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Moped Drivers Face New Restrictions Starting Jan. 1
Updated December 30, 2014 5:15 AM
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(UNDATED) - Thousands of Hoosiers who drive scooters and mopeds will face new restrictions and requirements starting Jan. 1, and state officials say licenses branches will be ready to accommodate them.

The law requires moped drivers to be at least 15 years old. And it means those who don't have a driver's license - whether because they're too young or lost it after a drunken driving arrest - will need to take a test to become legal.

Approved by the General Assembly earlier this year, the law also creates two categories of so-called motor driven cycles.

According to the The Statehouse File, Class B includes most scooters and mopeds and is defined as those cycles with cylinder capacities that don't exceed 50 cubic centimeters. Essentially, these are motorbikes that can go no faster than roughly 30 miles per hour.

Bikes with larger cylinder capacities are more like motorcycles and are categorized as Class A. Those drivers will face most of the same restrictions and requirements that the owners of motorcycles do now.

Officials from the Bureau of Motor Vehicles said they expect the vast majority of new registrations to fall into the Class B category.

Because Bureau of Motor Vehicle branches will be closed on Jan. 1, due to the New Year holiday, customers may begin registering their scooters on Jan. 2.

Indiana State Police are limiting enforcement of the new law to warnings throughout the month of January to allow drivers time to get credentialed and properly register their scooters without receiving a citation.

Effective Feb. 1, however, the issuance of a warning or traffic citation will be at the discretion of the trooper. It is important to remember that other police agencies across Indiana may enforce the law to the fullest extent anytime after Jan. 1, 2015.

The BMV encourages anyone who intends to operate their scooters his winter to register and obtain proper credentials as soon as possible after Jan. 1 to avoid the possibility of receiving an expensive traffic ticket.

Here are six questions and answers about how the new law affects those less powerful motorized bikes:

Question: Who can drive a moped or scooter?

Answer: Anyone who is at least 15 years old and has one of the following: A valid driver's license, a valid driver's permit or an unexpired state identification card with a motor driven cycle endorsement. DUI arrests do not prevent someone from using a scooter.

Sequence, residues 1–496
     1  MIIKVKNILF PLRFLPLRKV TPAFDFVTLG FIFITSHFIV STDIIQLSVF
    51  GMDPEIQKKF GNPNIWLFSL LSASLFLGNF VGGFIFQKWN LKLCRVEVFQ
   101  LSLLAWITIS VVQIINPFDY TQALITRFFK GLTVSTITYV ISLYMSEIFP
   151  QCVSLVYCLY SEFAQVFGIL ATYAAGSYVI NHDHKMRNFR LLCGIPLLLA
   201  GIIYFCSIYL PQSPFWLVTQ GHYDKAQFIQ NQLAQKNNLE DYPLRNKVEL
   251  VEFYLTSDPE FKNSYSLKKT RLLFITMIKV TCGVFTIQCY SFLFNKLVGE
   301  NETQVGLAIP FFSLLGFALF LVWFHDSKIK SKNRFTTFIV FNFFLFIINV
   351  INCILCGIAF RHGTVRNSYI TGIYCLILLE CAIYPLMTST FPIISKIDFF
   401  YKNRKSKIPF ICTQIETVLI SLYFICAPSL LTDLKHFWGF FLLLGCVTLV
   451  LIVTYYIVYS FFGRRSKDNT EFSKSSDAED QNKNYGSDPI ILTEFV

Q: How do I get motor driven cycle endorsement?

A: Go to your local license branch. If you don't have a valid license or learner's permit, you must pass a 25-question written test that will focus primarily on road signs and signals. If you pass, you'll walk out of the branch with a temporary credential allowing you to drive your scooter or moped.

The endorsement will cost $10.50 - unless you meet the qualifications for a free ID card.

Q: Where can I ride my scooter - and how fast?

A: You can ride on public streets and roadways but not on interstates or sidewalks. You can drive up to 35 miles per hour, although you can't exceed the maximum posted speed in the area.

Q: Are there other restrictions?

A: Yes. You'll need a helmet if you're younger than 18. You must use your headlamps at all times and must remain correctly seated on the bike. You're also required to stay on the right side of the road unless you're passing another vehicle or preparing for a left turn.

Passengers are not allowed and you can't carry a package in your hands.

Q: Do I have to register my moped or scooter?

A: Yes. At the license branch, you'll need to prove your ownership of the motorized bike with one of the following: A certificate of title, manufacturer's certificate of origin, a bill of sale, or an ownership affidavit.

The registration fee is $26.35 and the excise tax is $10.

Q: Do I need insurance?

A: No. Not for the less powerful or Class B motor driven cycles.

For more information on the new laws, view this informational video and FAQ page at

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